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Year : 2019  |  Volume : 37  |  Issue : 1  |  Page : 99-106

Long-term management of an ankylosed young permanent incisor replanted within 2 h of avulsion: A case report with a 10-year follow-up

1 Department of Growth and Development, College of Dentistry, Ajman University, Ajman, UAE
2 Al Maher Medical Center, Dubai, UAE

Date of Web Publication25-Feb-2019

Correspondence Address:
Dr. Tarun Walia
Department of Growth and Development, College of Dentistry, Ajman University, Ajman
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Source of Support: None, Conflict of Interest: None

DOI: 10.4103/JISPPD.JISPPD_106_18

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Tooth avulsion is a severe form of luxation injury that involves damage to both the pulp and the periodontal ligament. Avulsed teeth need to be replanted immediately in order to restore esthetics and function. Delayed replantation often results in ankylosis of the tooth which is a common sequela following avulsion injuries. An ankylosed tooth with a necrotic periodontal membrane does not move along with a growing alveolus leading to an arrest in height and width of the alveolar bone causing the tooth to be infraoccluded in a growing individual. This case report describes the multidisciplinary treatment and long-term management of an avulsed permanent central incisor in an 8-year-old child with delayed replantation.

Keywords: Ankylosis, avulsion, decoronation, infraocclusion, replacement root resorption

How to cite this article:
Walia T, Chandwani N. Long-term management of an ankylosed young permanent incisor replanted within 2 h of avulsion: A case report with a 10-year follow-up. J Indian Soc Pedod Prev Dent 2019;37:99-106

How to cite this URL:
Walia T, Chandwani N. Long-term management of an ankylosed young permanent incisor replanted within 2 h of avulsion: A case report with a 10-year follow-up. J Indian Soc Pedod Prev Dent [serial online] 2019 [cited 2022 Aug 14];37:99-106. Available from: http://www.jisppd.com/text.asp?2019/37/1/99/252894

   Introduction Top

Traumatic dental injuries are most commonly seen in children between the ages of 8 and 12 years.[1] Majority of the affected teeth in this age group are maxillary incisors. This is also the period when root closure of these teeth is taking place along with active jaw growth.[2] Severe dental trauma such as intrusion, lateral luxation, or avulsion carries a high risk of pulpal necrosis and injury to the periodontal tissues leading to ankylosis and root resorption.[3] The most important factor in the management of avulsed permanent teeth is the healing of the periodontal membrane (PDM) which depends on (i) extra-alveolar time, (ii) extra-alveolar storage medium, (iii) age of the child, and (iv) the replantation management technique.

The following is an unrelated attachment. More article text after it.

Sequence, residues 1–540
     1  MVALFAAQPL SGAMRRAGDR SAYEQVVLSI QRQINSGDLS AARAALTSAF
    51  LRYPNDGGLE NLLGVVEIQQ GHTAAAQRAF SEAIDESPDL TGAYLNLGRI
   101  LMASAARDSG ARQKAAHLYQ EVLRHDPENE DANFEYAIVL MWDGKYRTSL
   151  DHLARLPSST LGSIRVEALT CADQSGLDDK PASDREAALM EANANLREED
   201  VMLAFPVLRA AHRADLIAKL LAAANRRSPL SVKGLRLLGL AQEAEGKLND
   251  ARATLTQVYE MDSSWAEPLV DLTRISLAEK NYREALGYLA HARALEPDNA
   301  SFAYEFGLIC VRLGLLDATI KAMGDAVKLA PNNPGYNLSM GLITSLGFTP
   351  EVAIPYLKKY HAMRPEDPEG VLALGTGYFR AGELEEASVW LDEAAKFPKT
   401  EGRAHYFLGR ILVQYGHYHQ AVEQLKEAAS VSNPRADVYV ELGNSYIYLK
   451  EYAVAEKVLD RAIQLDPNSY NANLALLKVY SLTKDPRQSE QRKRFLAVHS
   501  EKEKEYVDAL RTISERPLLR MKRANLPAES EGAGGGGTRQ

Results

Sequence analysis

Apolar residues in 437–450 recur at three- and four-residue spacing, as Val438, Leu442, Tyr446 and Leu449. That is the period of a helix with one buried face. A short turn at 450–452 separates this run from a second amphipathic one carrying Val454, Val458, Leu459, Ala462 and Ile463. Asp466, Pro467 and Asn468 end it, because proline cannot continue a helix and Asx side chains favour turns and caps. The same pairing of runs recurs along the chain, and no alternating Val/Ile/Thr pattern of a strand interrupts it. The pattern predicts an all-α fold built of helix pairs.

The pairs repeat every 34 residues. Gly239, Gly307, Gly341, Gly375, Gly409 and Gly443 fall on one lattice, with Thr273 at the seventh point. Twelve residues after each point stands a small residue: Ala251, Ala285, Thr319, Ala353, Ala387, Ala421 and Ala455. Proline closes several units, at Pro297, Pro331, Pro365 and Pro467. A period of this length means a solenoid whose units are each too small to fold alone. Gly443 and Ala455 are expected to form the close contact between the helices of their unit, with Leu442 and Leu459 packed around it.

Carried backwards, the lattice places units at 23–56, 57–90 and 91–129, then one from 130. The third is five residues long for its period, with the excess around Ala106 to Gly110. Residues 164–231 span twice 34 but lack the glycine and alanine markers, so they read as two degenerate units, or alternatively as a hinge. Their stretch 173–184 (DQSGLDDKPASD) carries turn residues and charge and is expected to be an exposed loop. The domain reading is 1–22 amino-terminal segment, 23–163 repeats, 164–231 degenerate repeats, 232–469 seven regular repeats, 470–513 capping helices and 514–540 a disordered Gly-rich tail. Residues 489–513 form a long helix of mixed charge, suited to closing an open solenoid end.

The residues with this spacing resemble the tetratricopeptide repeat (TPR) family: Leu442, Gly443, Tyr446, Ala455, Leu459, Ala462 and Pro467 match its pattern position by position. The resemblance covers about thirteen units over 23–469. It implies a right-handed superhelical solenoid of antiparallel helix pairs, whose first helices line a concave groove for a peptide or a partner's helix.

Immediate replantation of the affected teeth within the first 5 min of avulsion carries the best prognosis for favorable PDM healing.[4] However, such an early and quick replantation is not performed in every traumatic tooth avulsion. As per the International Association of Dental Traumatology (IADT) treatment guidelines, delayed replantation along with dry extra-alveolar storage beyond 60 min increases the risk of dentoalveolar ankylosis and replacement root resorption.[5] This involves the direct union of alveolar bone with root cementum along with loss of the periodontal ligament (PDL) space.

In a growing child, the teeth continue to erupt along with concurrent maxillary and mandibular jaw growth which increases the vertical height of the alveolar process and helps in development of alveolar bone.[6] However, an ankylosed tooth does not erupt along with the adjacent teeth resulting in its infraposition compared to the adjacent unaffected teeth and a halt in alveolar growth in the area.[7]

The infrapositioned ankylosed tooth, if retained beyond the active growth spurt apart from esthetic concerns can lead to reduced alveolar bone in height and width. This can compromise future prosthetic restorations due to lack of sufficient alveolar bone.[8]

Malmgren et al. recommended the decoronation technique in a growing child, where the clinical crown of an ankylosed tooth is sectioned at the cementoenamel junction and the root is left inside the alveolus.[9] The ongoing eruption of the adjacent teeth induces bone apposition through traction from the fibers on the periosteum. This allows the bone formation until the full dentoalveolar growth is completed.[10]

Many case reports on the role of decoronation in the management of ankylosed traumatized permanent teeth can be found in the literature.[7],[11],[12],[13] Majority of the reported patients were managed by maintaining the decoronated space followed by future placement of dental implants.[12],[14],[15],[16] As per the author's knowledge, there are no cases reported in the literature where the decoronated space closure has been managed at a very early age with orthodontic treatment and composite remodification of teeth to mimic the contralateral central and lateral incisors.

The present case report describes the delayed replantation of a young permanent central incisor which led to ankylosis and replacement root resorption. Decoronation technique was performed on this tooth and the extraction space was managed by orthodontic space closure and esthetic reshaping of maxillary anterior teeth. A long-term 10-year follow-up is also discussed.

   Case Report Top

An 8-year-old female AA, reported to the dental department of NMCH with a history of oral trauma due to a fall at home which resulted in an avulsion of the right maxillary central incisor, tooth 11 (Fédération Dentaire Internationale numbering system). The child presented with her parents within 2 h of the injury with the tooth having been stored in tap water since the time of the injury.

A thorough medical history and evaluation was completed, which was unremarkable. The child's immunizations were up to date and a tetanus booster dose had been completed. Informed consent was obtained from the parents. A complete extraoral, intraoral examination and radiographic evaluation were conducted which confirmed the absence of tooth number 11. There was slight abrasion of the upper lip and small laceration of around 1.5 mm of the labial gingival mucosa adjacent to the left maxillary central incisor (tooth number 21). The clinical diagnosis of avulsion was made for tooth number 11 with approximately two-thirds of its normal root length formed. The avulsed tooth had an immature and wide open root apex corresponding to Nolla's stage 9 of tooth development.